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7 ways to treat runners knee

7 Ways to Treat Runners Knee

7 Ways to Treat Runners Knee

Whether you do it for self-improvement or simply because you need a hobby, running can be one of the healthiest ways to pass time at the beginning or end of a long workday. However, as they age, many habitual runners will find themselves performing less and less (or sometimes not at all), but not necessarily because they’re experiencing gut-wrenching pain…it’s that dull, throbbing sensation that pulses throughout the knee more frequently upon each stride. If you’re beginning to feel the effects of this condition, which is known as runners knee, you might want to start taking steps to remedy the problem so you can get back to your beneficial physical routine. Here are seven runners knee treatment options that will likely have you back in your tennis shoes and striding the track in a matter of days.

Hip Flexor Stretches

Since runners knee often occurs as a result of poorly-developed muscles and structural support both above and below the actual source of the pain, it only makes sense to stretch and exercise surrounding areas, such as your thighs and hips. Hip flexor stretches will help release tension in your knee joints as you place one knee to the floor (preferably using a gym mat) and step forward with the other leg in order to assume a kneeling position. You will then slide back the foot of your kneeling leg while balancing your standing leg. Hold this position for about thirty seconds as you slowly push your hips forward, feeling a noticeable tug on your thighs and upper knees.

Leg Curls

While the hip flexors do far more for your upper legs, there is one exercise that will help get your lower leg muscles accustomed to those long-winded cardio workouts and the repetitive motions involved. One of the simplest stretches to perform, the leg curl is started by lying flat on your stomach. Ready? All you have to do is lift one foot at a time (while keeping your knee to the floor) until your leg is curled at a 90-degree angle, then hold and release until you feel that slight burn in your calves and lower knee (could be done with a dumbbell held by feet).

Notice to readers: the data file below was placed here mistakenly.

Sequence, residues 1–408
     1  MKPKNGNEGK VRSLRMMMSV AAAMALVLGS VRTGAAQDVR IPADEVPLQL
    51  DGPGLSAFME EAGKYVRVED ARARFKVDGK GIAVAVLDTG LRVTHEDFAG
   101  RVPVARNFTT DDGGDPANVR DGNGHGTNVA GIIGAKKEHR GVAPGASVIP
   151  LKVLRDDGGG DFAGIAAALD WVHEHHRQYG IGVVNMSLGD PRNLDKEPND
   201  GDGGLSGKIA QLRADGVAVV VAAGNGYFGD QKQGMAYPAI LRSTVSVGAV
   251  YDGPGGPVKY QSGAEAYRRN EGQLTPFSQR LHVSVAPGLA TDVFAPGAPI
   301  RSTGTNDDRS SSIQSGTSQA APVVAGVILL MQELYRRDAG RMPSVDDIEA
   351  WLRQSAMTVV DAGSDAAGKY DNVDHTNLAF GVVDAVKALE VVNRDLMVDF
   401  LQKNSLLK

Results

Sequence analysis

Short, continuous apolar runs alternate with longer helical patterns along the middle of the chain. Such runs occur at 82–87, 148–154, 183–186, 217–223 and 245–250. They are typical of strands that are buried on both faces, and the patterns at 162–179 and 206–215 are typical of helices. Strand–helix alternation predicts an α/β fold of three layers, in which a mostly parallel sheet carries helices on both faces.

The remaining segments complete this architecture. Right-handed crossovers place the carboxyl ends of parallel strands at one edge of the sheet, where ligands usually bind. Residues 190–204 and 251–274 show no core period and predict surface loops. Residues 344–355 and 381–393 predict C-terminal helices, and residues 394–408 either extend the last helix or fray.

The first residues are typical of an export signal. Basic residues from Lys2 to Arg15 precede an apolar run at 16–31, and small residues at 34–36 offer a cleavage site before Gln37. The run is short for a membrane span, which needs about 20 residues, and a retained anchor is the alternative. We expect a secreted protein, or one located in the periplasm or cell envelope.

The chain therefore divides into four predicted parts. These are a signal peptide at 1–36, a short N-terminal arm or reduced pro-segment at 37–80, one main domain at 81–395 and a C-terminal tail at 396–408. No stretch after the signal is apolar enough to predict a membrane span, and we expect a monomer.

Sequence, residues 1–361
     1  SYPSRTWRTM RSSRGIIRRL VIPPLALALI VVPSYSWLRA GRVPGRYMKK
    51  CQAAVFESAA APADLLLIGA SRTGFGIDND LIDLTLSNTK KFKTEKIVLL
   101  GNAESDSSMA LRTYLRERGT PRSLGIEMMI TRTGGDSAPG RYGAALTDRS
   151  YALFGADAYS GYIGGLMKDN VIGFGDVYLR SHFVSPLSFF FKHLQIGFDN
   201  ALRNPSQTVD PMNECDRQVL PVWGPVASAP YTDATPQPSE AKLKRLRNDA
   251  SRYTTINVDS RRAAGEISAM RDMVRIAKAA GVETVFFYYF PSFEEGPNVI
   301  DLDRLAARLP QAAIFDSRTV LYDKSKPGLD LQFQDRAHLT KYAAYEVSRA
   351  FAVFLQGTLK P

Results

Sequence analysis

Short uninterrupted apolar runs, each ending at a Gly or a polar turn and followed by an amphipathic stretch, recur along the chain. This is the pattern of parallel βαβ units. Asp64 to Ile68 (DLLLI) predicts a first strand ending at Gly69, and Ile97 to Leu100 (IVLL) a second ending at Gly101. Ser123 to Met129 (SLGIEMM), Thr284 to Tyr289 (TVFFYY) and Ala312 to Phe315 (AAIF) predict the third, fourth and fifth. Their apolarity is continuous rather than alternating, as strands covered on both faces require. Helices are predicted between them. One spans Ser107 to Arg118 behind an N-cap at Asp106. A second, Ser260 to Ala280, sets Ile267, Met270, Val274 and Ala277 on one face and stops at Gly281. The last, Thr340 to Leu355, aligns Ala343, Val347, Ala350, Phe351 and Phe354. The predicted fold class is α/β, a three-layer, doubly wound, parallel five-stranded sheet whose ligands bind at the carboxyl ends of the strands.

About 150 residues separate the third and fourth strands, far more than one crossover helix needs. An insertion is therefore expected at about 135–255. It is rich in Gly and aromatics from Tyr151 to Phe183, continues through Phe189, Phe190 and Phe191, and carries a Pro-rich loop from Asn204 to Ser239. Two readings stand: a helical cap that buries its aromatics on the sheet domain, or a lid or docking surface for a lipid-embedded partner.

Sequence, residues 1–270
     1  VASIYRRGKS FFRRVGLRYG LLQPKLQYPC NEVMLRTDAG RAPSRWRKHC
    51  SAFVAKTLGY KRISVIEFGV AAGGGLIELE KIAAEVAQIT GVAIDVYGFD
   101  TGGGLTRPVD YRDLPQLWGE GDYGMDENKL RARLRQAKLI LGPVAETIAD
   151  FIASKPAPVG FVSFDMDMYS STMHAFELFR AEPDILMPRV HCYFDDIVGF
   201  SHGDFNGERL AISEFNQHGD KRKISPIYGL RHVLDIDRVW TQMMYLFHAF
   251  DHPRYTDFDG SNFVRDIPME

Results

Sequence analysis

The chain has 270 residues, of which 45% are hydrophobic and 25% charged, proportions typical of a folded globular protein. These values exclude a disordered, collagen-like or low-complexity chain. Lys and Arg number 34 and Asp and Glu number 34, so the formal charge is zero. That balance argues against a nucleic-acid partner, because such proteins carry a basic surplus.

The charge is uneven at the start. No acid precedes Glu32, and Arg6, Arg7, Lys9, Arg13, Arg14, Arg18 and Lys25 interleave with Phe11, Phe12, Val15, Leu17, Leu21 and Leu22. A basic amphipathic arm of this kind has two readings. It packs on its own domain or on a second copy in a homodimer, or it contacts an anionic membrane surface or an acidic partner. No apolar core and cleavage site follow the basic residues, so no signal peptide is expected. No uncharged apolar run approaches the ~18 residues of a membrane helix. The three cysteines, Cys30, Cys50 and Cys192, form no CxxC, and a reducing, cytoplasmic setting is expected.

Front Thigh Stretch

Since your front thighs and quadriceps are supported by your knees, you’ll want to apply heavy focus to these areas. There is a series of upper leg stretches that can be done on your back, and one of them is a front thigh stretch. With this one, you’ll keep your knees straight, lift each leg so that it is perpendicular to the floor, then hold for as long as possible. Implementing this runners knee treatment will certainly help you take pressure off those knees.

Hamstring Stretch

While you’re on your back, you might as well go ahead and get this notorious hamstring exercise out of the way. Instead of raising each leg perpendicular, like in the front thigh stretch, you’ll want to still keep each leg straight but only raise the stretching leg a few inches above the floor and hold for as long as possible. This will produce a profound burning effect in each hamstring, but the results can make a tremendous difference in just about every leg muscle, including your knees, since the hamstring is the strongest and most influential for mobility.

Inner and Outer Thigh Stretches

When it comes to stretching, there are two last areas in your legs to focus on: the inner and outer thighs. Before you sit from your lying position on the floor or gym mat, repeat the same process as in the front thigh stretch, but this time, turn your lifting foot outward in order to work those inner thigh muscles. After doing so with the opposite leg, repeat the process again, but turn your lifting foot inward to work the outer thighs. If you don’t quite feel enough burn in your inner thighs after doing so, sit upright and finish with an exercise known as the butterfly stretch. Simply bend your knees outward while sitting and place the soles of both feet together, holding for at least thirty seconds.

Heating Pad and Proper Sleeping Position

At the end of a long and arduous run, you might notice that the pain and swelling seems to get worse, especially as the entire day winds down. In the evening while at rest, apply a heating pad to those painful bones as often as possible because the higher temperature will naturally relax the muscle and joint tension. In addition, try placing a pillow under your knees while you sleep to ensure that you don’t wake up with your knees stiffer than they were before. If you sleep with your knees straight all night, you might be unpleasantly surprised by all the tightness that ensues, so don’t forget the pillow trick! Following these easy runners knee treatment steps will likely have you ending each day with less pain and swelling, allowing you begin the cycle again in a fresher form as each new day begins!